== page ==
Everything that enabled Kansas State to contend for a conference championship and live inside the national polls this season was present Friday at the Alamo Bowl.
The Wildcats fought for tough yards, came up with momentum-changing stops and provided vintage highlights for a national television audience.
Problem is, they waited until the second half to do any of it.
The result was a 40-35 loss to UCLA that sent the vast majority of 60,517 fans at the Alamodome home disappointed.
A 31-6 halftime deficit, the largest such hole the No. 11 Wildcats, 9-4, have ever faced in a bowl game, ultimately proved too difficult to overcome, despite a furious second-half charge.
“The first half was awful all the way around. It was just a disaster,” said senior receiver Curry Sexton, after catching 10 passes for 104 yards. “It was kind of a nightmare. We came in at halftime and it felt like the game was already over and we had been beat. … But guys put it in their mind that one play at a time we were going to come back and win the game.
“Truthfully, we feel like we could have won that game and possibly should have won that game.”
The Wildcats could make that argument after the second half. They owned the third quarter, scoring 15 straight points, and outplayed the No. 14 Bruins, 10-3, in the fourth quarter, converting every fourth down they went for. And they pulled as close as 40-35 with 1 minute, 21 seconds remaining on a touchdown pass from Jake Waters to Tyler Lockett.
The crowd was behind them, and momentum was in their favor. As they lined up for an onside kick, an unforgettable comeback felt within reach.
“We had heard a TV announcer indicate in another ballgame that a football team had quit,” K-State football coach Bill Snyder said. “That’s the last thing in the world anybody wants to hear on national TV, I assure you that, and I reminded our youngsters of that, that we weren’t about to let somebody say that about us. And they didn’t. They didn’t. They made their best effort.”
Still, it wasn’t to be. UCLA recovered the onside kick and celebrated underneath falling confetti and balloons. Much like an earlier possession in which UCLA running back Paul Perkins broke free for a 67-yard touchdown run up the gut of K-State’s defense with the score 34-28, the Bruins clung to victory.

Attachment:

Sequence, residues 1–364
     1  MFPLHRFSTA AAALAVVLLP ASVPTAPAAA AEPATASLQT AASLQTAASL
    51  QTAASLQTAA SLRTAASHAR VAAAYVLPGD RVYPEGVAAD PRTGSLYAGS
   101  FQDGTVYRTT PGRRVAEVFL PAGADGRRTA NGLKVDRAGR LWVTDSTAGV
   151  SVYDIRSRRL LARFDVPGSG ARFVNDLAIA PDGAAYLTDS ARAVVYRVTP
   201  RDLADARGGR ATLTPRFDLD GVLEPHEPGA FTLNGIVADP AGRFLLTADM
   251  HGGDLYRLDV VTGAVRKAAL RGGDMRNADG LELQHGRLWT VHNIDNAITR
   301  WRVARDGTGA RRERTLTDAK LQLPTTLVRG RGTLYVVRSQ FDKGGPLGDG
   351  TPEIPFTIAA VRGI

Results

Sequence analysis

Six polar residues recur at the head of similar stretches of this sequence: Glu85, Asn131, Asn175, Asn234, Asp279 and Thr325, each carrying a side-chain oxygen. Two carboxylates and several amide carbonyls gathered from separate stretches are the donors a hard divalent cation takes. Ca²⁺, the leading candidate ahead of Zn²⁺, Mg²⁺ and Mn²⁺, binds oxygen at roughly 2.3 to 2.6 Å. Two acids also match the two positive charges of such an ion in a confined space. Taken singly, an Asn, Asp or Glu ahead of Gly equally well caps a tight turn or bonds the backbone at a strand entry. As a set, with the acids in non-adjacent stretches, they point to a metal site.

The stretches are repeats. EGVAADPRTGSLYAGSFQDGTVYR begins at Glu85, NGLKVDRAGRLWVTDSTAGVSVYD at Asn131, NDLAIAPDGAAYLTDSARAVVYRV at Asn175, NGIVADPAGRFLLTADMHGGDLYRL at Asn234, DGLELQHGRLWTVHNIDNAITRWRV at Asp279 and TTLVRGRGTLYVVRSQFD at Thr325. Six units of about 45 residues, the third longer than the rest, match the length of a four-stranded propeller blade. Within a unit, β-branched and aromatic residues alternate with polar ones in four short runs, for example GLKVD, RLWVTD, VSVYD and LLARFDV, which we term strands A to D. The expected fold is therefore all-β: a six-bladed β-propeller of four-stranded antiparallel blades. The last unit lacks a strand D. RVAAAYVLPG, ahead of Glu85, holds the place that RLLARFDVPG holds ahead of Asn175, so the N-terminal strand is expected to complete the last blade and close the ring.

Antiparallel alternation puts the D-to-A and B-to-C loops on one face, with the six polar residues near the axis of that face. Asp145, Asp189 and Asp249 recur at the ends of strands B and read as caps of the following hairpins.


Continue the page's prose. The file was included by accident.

Just like that, K-State’s comeback was over.
The Wildcats will surely look back to their first-half woes more than that single defensive breakdown as the cause of this defeat.
Replays of the first half could serve as a how-to manual for future teams hoping to dominate, or avoid being dominated, in future postseason games.
K-State appeared beaten from the opening kickoff, failing to play with energy, toughness or poise.
The Wildcats committed costly penalties, including a Randall Evans hold that negated a Lockett touchdown on a punt return. K-State players were mistake-prone, including Lockett dropping a pass in the end zone. And its players were overmatched, with right tackle Matt Kleinsorge surrendering so many sacks that he was benched.
Waters was sacked seven times, causing him to hurry and lose two turnovers.
“We kind of got out of sorts,” Snyder said. “We’re thin in our offensive line, and guys have to play multiple positions, which they do, but we had some difficulty with our protection.”
UCLA, meanwhile, looked perfectly loose, gathering on the turf as a team to celebrate every score, showing the Bruins were ready to embrace every second of their time inside the Alamodome.
Quarterback Brett Hundley proved effective with his arm and his feet, throwing for 136 yards, rushing for 96 yards and accounting for three touchdowns. His 28-yard touchdown run on fourth and 3 in the third quarter felt like a backbreaker, putting UCLA on top 17-0 before K-State could respond.
And Perkins was a force, rushing for 194 yards and two scores.
K-State deserves credit for adjusting and fighting back from there, though. The Wildcats opened the second half with center B.J. Finney lining up at right tackle and their offense unwilling to give in.
Snyder said he referenced a string of other bowl comebacks in the locker room, assuring his team it could still win, while senior defensive end Ryan Mueller gave a stirring speech.
Then K-State took the field and looked like a new team after getting outplayed in every area in the first 30 minutes.
The Wildcats responded in vintage K-State fashion in the third quarter, with a touchdown drive that lasted 17 plays and 7:37 seconds, covering 75 yards. Waters, who threw for 338 yards and two touchdowns, found Lockett for a touchdown and a two-point conversion to make the score 31-14.
Then Mueller forced a fumble almost immediately on UCLA’s next drive and Dakorey Johnson recovered to give K-State a real shot to get back in the game, scoring on a 2-yard run from DeMarcus Robinson with 3:25 to go in the third quarter.
UCLA seized momentum back with a field goal, but K-State twice made it a one-score game.
Had some of that production come in the first half as well as the second, it might have been enough for K-State to win.
“We had a chance to come back,” Lockett said. “We made a great rally. Everybody saw it. Unfortunately, we just came up a little short.”